Considering the fact that your body needs approximately 40 vitamins and minerals each day to function optimally, it isn’t always possible to get everything you need from food alone. This is especially true if you have food allergies or dietary preferences that limit the variety of foods you eat. To find the perfect multivitamin for you, look for these six characteristics.
Make sure your multivitamin…
1) Conforms to any of your dietary restrictions or allergies
Many multivitamins contain gelatin and may have cross-contamination with common allergens like wheat and nuts. Since gelatin is generally made of animal skin, cartilage, and bones, it is not vegetarian and usually not kosher or halal. Make sure to take a peek at any allergens listed on the label or look for “allergen-free” claims.
2) Contains less than 100% of your DV of most included vitamins/minerals
Unless you have personalized recommendations from a medical professional, avoid multivitamins with more than 100% of your daily value (DV) of most vitamins/minerals. The DV number you see (as a percentage) on food and supplement labels is based on the 2,000 calorie diet of an average healthy adult. Yes, you can overdose on vitamins and minerals. Here’s a thorough list of vitamins and minerals and their benefits, known upper limits, and good food sources from Harvard Health.
Pay special attention to retinol/vitamin A and iron.
- Retinol/vitamin A: Look for less than 3,000-3,500 International Units (IUs) as too much can harm your bones.
- Iron: If you are a male or a postmenopausal female, pick a multi with 50% or less of the DV for iron (DV = 18 mg). Menstruating or pregnant women need more iron, and therefore don’t have the same multivitamin restrictions.
You can be a bit more lenient with
- Vitamin C
- Vitamin D
- B vitamins
3) Fills gaps in your nutrition
Ideally, anything you supplement should just be filling whatever holes you daily diet has left. According to the CDC, the most common nutrient deficiencies in the U.S. are vitamin B6, iron, and vitamin D deficiencies. Vitamin A, vitamin E, and folate deficiencies are rare.
The more restricted your diet, the more likely you are to be deficient in particular nutrients though. For example, research shows most adult vegetarians and vegans (80-90% in some studies) are vitamin B12-deficient. Pregnant or elderly individuals who eat a primarily plant-based diet appear to be the most at risk. This increased risk occurs because most B12-rich foods are sourced from animals: shellfish, organ meat, meat, eggs, milk and milk products.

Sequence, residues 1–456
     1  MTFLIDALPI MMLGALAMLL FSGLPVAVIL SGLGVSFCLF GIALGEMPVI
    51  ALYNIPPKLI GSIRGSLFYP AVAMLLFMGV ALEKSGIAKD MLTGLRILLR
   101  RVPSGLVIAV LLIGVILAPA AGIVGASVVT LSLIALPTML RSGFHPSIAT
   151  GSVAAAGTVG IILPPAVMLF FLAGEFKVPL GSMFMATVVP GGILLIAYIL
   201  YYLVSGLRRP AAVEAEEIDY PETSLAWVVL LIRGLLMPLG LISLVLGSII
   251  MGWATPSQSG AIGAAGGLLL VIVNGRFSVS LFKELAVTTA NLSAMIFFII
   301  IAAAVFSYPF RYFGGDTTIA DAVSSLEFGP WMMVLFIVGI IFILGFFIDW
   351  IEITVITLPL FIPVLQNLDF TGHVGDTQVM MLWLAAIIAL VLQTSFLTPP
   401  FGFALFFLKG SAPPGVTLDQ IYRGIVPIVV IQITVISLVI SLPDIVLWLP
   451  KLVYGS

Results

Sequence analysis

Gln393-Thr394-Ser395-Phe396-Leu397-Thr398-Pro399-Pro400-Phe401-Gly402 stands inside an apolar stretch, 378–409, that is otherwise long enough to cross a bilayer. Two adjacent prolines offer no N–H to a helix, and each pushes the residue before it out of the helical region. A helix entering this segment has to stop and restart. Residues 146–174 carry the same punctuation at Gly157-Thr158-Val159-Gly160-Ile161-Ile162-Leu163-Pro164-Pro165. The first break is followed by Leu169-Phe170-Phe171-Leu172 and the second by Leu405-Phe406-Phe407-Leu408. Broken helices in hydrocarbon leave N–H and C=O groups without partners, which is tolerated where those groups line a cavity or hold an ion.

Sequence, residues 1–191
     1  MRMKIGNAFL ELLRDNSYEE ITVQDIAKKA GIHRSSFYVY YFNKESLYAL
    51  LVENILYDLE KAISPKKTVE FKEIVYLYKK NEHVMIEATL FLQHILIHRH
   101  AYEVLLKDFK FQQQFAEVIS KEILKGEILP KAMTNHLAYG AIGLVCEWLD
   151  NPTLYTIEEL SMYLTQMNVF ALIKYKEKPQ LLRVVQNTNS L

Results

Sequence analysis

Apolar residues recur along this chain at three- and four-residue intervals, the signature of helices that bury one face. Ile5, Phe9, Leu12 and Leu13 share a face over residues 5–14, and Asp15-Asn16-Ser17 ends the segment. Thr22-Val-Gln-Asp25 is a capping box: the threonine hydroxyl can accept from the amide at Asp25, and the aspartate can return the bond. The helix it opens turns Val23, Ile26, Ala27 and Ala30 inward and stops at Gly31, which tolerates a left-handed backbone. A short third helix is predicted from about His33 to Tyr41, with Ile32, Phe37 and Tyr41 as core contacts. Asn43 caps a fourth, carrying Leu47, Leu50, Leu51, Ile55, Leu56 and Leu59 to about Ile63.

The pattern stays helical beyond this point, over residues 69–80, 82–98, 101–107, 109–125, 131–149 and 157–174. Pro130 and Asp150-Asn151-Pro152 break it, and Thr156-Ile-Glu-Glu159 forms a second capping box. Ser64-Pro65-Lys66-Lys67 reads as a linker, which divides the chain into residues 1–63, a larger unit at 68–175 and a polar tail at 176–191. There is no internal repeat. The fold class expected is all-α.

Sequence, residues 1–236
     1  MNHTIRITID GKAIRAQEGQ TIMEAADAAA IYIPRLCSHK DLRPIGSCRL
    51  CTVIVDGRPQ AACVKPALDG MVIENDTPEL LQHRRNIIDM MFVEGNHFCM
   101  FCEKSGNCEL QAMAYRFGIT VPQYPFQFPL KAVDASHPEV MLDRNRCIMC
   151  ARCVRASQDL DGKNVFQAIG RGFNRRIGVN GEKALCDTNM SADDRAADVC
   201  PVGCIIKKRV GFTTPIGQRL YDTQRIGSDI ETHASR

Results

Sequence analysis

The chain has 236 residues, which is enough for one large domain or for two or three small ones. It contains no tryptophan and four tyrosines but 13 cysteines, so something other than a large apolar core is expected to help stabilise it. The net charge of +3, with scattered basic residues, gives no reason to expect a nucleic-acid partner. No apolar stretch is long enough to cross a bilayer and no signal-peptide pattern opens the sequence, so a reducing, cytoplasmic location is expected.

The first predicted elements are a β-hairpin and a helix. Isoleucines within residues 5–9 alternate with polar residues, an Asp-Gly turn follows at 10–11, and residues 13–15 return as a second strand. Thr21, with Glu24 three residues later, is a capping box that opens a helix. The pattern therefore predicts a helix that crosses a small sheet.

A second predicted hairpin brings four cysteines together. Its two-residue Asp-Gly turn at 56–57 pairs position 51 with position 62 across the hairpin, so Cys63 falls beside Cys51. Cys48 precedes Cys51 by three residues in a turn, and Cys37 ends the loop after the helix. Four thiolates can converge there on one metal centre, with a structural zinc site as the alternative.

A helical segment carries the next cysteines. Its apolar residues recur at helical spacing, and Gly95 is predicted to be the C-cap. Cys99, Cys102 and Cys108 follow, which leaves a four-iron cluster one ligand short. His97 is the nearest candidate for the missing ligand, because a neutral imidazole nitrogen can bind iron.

In women and older adults in the U.S., calcium is another nutrient that is under-eaten.
Apart from looking into the research behind nutrient deficiencies within your demographic, you can also track what you eat to gain insight into which vitamins and minerals you might be missing. If you want to get really precise with it and can afford to do so, getting thorough blood work done can tell you a lot about your nutrition.
4) Is high quality and effective
Because dietary supplements are essentially unregulated by the FDA, it’s up to you to discern which multivitamins are safe and effective. Look for reports from third-party testers, including official badges and certifications…not all multis are created equal! When it comes to supplements, higher prices are usually indicative of higher quality products. While it may seem like a lot to spend initially, it’s worth having a product with ingredients that are properly concentrated and screened for contaminants.
If you shop the Fitness Formulary marketplace, we’ve already curated the multivitamins we carry to avoid cheap and ineffective brands. You can also use Fitness Formulary as a tool to find a multivitamin that has the highest chance of effectively supporting your health. We use a scientifically-driven grading system that combines the experiences of experts and the results from clinical studies to grade (A, B, C, D, or F) ingredients based on their effectiveness. To use this feature, you can fill out a MyNutrition profile or shop by health condition or goal.
5) Is from a trustworthy source
If you’re going to be putting something extra into your body every day, you definitely want to trust that contains what it says it does. Picking trustworthy supplements is trickier than picking trustworthy foods because you can’t easily know what’s in a capsule.
To ensure that your multi contains what you think it does, it’s a good idea to get it from a marketplace without independent sellers (any site with seller usernames). These types of sites do not guarantee or check for supplement quality or effectiveness. Buying from sellers with multiple brands is also a safer bet, as many fake and harmful supplements exist on their own websites to promote themselves.
If you haven’t already checked out our downloadable PDF on five things to know before you shop vitamins and supplements, here it is!
6) Avoids unnecessary additives like artificial colors and flavors
If you generally avoid eating foods with artificial colors, added sugar, or artificial flavors, your daily multivitamin should be no exception. These components do nothing for you nutritionally, so why have them in your supplements?